- Vanilla Extract: Vanilla extract adds a beautiful flavor itself and together with the milk is reminiscent of ice cream.
Want to mix it up?
- A coffee version: Add 1 tablespoon of espresso powder to the milk before mixing, or just let the flavors meld on their own. Add coffee extract or a little cocoa powder to bump up that flavor! Chocolate Cake Donuts with a coffee glaze anyone?
- A citrus glaze: Substitute orange juice or passion fruit juice for the milk, 1 for 1 in this recipe.
- A sweet fruit variation: For sweeter fruits like peaches, substitute peach juice for the milk, and add the juice from half a lemon. To use jam as the flavoring, first reserve ¼ cup of the milk in this recipe. Then add your desired jam (raspberry, concord, etc.), and whisk until smooth before adding the ¼ cup of milk a little at a time until the glaze runs smoothly from the whisk.
- Add some spices: You can add in pumpkin spice mix to glaze these pumpkin donuts or you can add cinnamon, cardamom or any spice you love!
A donut buffet: Mix and match glazes, and fried and baked donuts for a buffet of breakfast choices! Dip the same donut recipe in different glaze variations, and suddenly you have a lot of options on your hands. A breakfast buffet is always welcome, and you can use the leftovers to make Donut Bread Pudding.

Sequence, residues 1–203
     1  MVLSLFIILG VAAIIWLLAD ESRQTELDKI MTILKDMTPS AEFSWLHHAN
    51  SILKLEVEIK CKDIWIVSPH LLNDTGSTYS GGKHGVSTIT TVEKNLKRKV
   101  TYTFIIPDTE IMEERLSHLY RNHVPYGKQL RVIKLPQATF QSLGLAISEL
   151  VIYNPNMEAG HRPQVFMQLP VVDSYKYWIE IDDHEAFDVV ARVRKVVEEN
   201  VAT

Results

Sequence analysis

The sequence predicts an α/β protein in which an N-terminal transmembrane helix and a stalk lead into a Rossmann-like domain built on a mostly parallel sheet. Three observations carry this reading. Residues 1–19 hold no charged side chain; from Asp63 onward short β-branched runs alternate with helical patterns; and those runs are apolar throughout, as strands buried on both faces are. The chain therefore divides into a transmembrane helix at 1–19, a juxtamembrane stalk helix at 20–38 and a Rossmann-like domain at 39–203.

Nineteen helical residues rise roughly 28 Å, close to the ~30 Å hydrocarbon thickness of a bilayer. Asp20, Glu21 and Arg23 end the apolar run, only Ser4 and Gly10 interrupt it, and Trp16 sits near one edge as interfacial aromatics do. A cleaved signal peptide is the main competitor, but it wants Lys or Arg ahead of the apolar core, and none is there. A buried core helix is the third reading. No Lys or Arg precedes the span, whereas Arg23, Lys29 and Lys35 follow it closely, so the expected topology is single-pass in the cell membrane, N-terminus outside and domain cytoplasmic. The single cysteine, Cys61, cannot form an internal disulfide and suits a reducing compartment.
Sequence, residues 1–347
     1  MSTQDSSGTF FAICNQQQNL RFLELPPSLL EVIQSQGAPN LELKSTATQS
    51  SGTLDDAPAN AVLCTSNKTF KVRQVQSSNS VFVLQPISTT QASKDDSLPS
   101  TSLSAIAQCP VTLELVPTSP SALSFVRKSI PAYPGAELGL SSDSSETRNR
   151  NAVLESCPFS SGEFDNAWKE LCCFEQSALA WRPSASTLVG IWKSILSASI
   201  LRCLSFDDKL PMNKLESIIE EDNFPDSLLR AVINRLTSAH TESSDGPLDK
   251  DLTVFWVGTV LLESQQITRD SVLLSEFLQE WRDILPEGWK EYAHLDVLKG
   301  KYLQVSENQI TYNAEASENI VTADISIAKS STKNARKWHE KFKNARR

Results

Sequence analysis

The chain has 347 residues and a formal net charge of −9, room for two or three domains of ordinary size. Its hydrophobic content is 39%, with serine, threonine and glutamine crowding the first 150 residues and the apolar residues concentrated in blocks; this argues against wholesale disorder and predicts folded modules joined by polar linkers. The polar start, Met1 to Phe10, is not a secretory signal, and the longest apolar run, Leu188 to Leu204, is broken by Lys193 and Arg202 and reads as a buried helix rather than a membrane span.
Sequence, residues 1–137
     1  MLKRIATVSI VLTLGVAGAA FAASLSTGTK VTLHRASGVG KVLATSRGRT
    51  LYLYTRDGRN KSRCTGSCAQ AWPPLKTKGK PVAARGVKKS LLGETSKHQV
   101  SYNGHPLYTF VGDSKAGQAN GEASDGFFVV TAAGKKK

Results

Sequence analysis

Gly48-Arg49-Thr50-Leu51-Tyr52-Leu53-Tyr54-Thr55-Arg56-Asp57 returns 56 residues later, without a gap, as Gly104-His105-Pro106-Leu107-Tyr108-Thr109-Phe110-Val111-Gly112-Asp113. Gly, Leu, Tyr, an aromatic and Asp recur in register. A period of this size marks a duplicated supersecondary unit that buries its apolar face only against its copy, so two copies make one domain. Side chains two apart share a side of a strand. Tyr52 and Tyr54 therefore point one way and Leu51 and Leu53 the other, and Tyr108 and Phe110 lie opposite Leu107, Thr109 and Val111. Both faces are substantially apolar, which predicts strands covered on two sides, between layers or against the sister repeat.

- Without milk: Substitute whole milk with your favorite milk alternative for a vegan solution. Almond milk and vanilla make quite the duo, in my humble opinion. You could also substitute the milk for a citrus juice of your choosing.
- Different extracts: Replace the vanilla with your preferred liquor or a different extract. Whatever complements the donuts you’re making the best. Be sure to comment below with your favorite combination!
- Powdered monk fruit sweetener: For a low-sugar vanilla icing, powdered monk fruit sweetener is a possible substitution for sugar in this recipe.
How to Make Donut Glaze
Use these instructions to make the perfect classic doughnut glaze every time! Further details can also be found in the recipe card below.